Although I did not visit Volubilis many artefacts from the Roman town are displayed in Rabat’s museum of Archeology. I walked South following the Almohad city wall and towards the Grand Mosque via the impressive Bab er Rouah (gate of the wind).
The Archeological Museum is tucked away in a road close to the Grand Mosque and is cited as the most important in Morocco. It is really quite small and surprised me by its limited collection of artefacts. Maybe much of Morocco’s archeological heritage has been squirrelled away into private collections all over the world.
Continuing my historical tour I continued South to Chellah. This consists of the remains of the Roman city and port of Sala Colonia dating from around 200BC which are enclosed within a 14th Century fortress. This was, for me, one of the cultural highlights of my trip. The main gateway and walls are impressive and look quite gothic in appearance. Its builder; Abou al-Hussain ‘The Black Sultan’ also created a necropolis on top of the Roman site. The abandoned buildings and features are fairly extensive and include a number of tombs including those of Abou al-Hussain and his wife. The Roman remains include a ‘Temple of Jupiter’, ‘Arc de Triomphe’ and ‘Pool of the Nymph’. It has, quite surprisingly, all been abandoned for many centuries and inhabited instead by nesting storks.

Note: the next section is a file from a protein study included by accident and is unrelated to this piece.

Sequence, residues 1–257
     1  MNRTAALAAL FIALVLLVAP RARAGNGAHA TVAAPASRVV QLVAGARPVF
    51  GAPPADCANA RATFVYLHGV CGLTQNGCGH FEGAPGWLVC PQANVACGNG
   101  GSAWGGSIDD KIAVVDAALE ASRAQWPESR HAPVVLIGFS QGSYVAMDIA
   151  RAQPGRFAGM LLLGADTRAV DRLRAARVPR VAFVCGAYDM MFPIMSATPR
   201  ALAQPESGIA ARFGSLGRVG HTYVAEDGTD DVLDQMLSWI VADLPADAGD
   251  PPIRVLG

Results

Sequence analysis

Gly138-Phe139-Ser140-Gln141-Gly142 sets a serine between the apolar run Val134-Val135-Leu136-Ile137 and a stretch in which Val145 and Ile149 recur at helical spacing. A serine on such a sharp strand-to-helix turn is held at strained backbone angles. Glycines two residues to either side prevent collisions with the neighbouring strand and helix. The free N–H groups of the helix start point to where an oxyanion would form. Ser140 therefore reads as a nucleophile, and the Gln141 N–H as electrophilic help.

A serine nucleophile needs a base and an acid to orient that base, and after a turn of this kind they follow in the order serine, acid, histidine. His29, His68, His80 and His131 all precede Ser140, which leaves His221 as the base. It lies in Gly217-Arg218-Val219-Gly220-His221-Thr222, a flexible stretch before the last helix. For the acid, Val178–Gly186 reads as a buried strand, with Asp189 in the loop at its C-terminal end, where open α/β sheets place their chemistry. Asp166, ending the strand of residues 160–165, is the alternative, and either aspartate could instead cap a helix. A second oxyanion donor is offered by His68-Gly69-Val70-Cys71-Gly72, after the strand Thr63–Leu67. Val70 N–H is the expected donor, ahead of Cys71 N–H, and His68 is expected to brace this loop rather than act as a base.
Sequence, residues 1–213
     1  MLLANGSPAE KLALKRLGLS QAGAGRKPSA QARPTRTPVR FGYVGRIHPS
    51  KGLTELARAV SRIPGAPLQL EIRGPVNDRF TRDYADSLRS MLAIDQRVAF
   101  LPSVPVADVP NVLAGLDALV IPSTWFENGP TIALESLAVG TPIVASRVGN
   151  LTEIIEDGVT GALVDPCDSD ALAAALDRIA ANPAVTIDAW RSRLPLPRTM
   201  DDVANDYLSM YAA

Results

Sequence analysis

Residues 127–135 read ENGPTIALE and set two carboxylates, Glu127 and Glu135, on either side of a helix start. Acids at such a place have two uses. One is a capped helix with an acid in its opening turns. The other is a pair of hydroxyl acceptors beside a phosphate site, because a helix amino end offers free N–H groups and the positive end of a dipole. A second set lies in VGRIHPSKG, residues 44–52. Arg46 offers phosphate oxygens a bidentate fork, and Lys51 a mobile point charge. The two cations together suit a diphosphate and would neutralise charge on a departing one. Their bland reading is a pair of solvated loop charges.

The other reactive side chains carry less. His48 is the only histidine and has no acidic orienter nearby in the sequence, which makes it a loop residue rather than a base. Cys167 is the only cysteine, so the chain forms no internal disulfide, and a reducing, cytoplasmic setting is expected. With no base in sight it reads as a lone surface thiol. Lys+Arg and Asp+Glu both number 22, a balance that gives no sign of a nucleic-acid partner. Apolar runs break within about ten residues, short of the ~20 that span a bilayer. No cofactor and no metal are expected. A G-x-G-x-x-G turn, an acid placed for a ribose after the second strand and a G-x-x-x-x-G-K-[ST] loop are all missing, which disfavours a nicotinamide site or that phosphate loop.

Finally, and after failing to find a spot to camp on the coast, I cycled into the city of Salé. The city is situated on the Northern bank of the Bou Regreg river opposite Rabat. Although overshadowed now by the capital, Salé is the oldest city on the Atlantic coast. Its Phoenician origins date back to the 7th Century and was a prized city under the great Moroccan Sultans. It shares many of the same characteristics as Fes or Meknes including a finely decorated Medersa. The city enjoyed further wealth and success during the 16th Century as a home for the successful Sallee Rovers pirates. The occupying French force made Rabat the administrative capital of Morocco in 1913 and Salé became a residential suburb. Despite its proximity to Rabat, Salé has retained its timeless atmosphere and traditional way of life. I was keen to find a place to stay and spend a day or so getting to know this historically important city. The Medina is tightly packed with tiny passageways. With some difficulty I steered my bike through the busy markets and searched for a hostel or Riad. Salé does not figure in too many travellers itineraries over and above a day visit. I searched for the only Riad listed in my guidebooks. I spent a lot of time looking for it in the maze of passageways as the light began to fail. Eventually I found ‘La Repose’, knocked on the door, and was led to a comfortable lounge by a maid. I was presented with a glass of water and told to wait for ‘madam’. The hotel, which consists of a converted Medina house, looked quite spectacular with an exotic interior. A French family sat eating a dinner nearby. I quickly realised that this place was a boutique ‘Moroccan experience’ hotel of some luxury. Having just cycled around 80 miles I felt and must have looked pretty rough. My dusty bike stood, totally out of place, inside the grand front door. I knew instinctively this wasn’t going to work out. I felt like a large turd on someones favourite lace tablecloth. ‘Madame’ appeared in traditional Moroccan attire including hijab and sat down.. It turned out that she was, in fact English and very well spoken. She told me that there was no rooms available and could not suggest anything. And that was that. I complemented her on the hotel and pushed my bike back out into Salé’s Medina.. It seems I had exhausted all possibilities of finding somewhere to stay in Salé. The next port of call would be Rabat. There are oodles of places detailed in the guidebooks for Rabat. I found my way over along the cycleway over Pont Hassan II bridge and found Avenue Hassan II which runs next to the Almohad wall of the Medina. Many hotels are grouped close to the Bab Bouba gate. I began my search for somewhere to sleep all over again. It was turning into one helluvah day. In fact it was a Saturday. The weekends are busy in Rabat. I began working my way down the list of recommended hotels in both the Rough Guide and Lonely Planet. They were full. I was sent to other hotels by these hotels. They were full. I did find one at the lowest end of the scale but looked only marginally better than sleeping on the streets. My last option was to find the Riad Dar Aida where I had stayed on arrival at the beginning of my trip. I had already pre-booked a room there for my final night in Rabat. At around 11pm I was welcomed into the Riad by Majid who manages the place. He had a room for me! Brilliant. I stayed there for the rest of my stay in Rabat and although a little pricey it was a very welcome ‘splurge’ that provided both comfort and good amenities. And good wifi too. Time to recover, refresh and relax. Arriving back two days earlier than anticipated meant that I was able to enjoy a ‘mini’ holiday before returning back to the UK. I would guess that my arrival in Rabat truly represented the end of my cycling tour of Morocco. All that was left was to dispose of unwanted gear, buy an oversize ‘chinese’ laundry bag for the flight and cycle to Rabat-Salé airport. The hotel manager told me that the ‘patron’ or owner does not welcome guests with bicycles or pets. However he would store my bike for the duration of my stay. This had the unfortunate consequence of leaving me on foot for my stay in Rabat and limited my usual range of exploration. I walked and walked and became a regular tourist. I returned to the Kasbah des Ouidaias and the Baba Ouidaia gate, where I had originally taken shelter from the rain on arrival in Morocco. The fortified citadel contains a monastery and its 11th Century mosque is the oldest in the city. There is a viewing platform and beach access from the walls closest to the sea but several young men blocked the road and said that it was for residents only. I gathered later that it is public access and should have ignored these mischievous people but at the time I turned back. I made my way along the quay by the Bou Regreg. Rowing boats ferry passengers to Salé on the opposite shore. Once past a sailing ship converted for use as a restaurant I walked up hill towards the Hassan mosque and Mohammed V mausoleum. The Hassan mosque was an overambitious project that was begun in the late 12th Century by the Almohad Sultan Yacoub el Mansour. Its construction slowed even further after his death but then was partially destroyed by the Great Earthquake of 1755. Its minaret still dominates Rabat’s skyline. Behind lies the Mausoleum of King Mohammed V whose body was interred there following his death in 1961.The park next to the Minaret is a popular place for skateboarding. After dinner I took a walk through the Sidi Al Khattab (Martyrs’ cemetery) that extends from the Medina down towards Rabat’s 1920s built lighthouse. The headstones all face Mecca. I sat on the rocks by the sea watching the sunset. On the road back I saw a lad throwing quite a large rock which hit a parked bus. A man jumped off the bus and ran towards him. People scattered as he too threw a large rock and which narrowly missed the first mans head. There then followed a chase as this second man turned and ran uphill. A large gang of men ran after him. It seems they had been playing football and had some issue with the man on the bus. I did not fancy his chances against the mob after his blood. It seemed like a serious business given that if any of the rocks thrown had struck home they would have caused injury or death..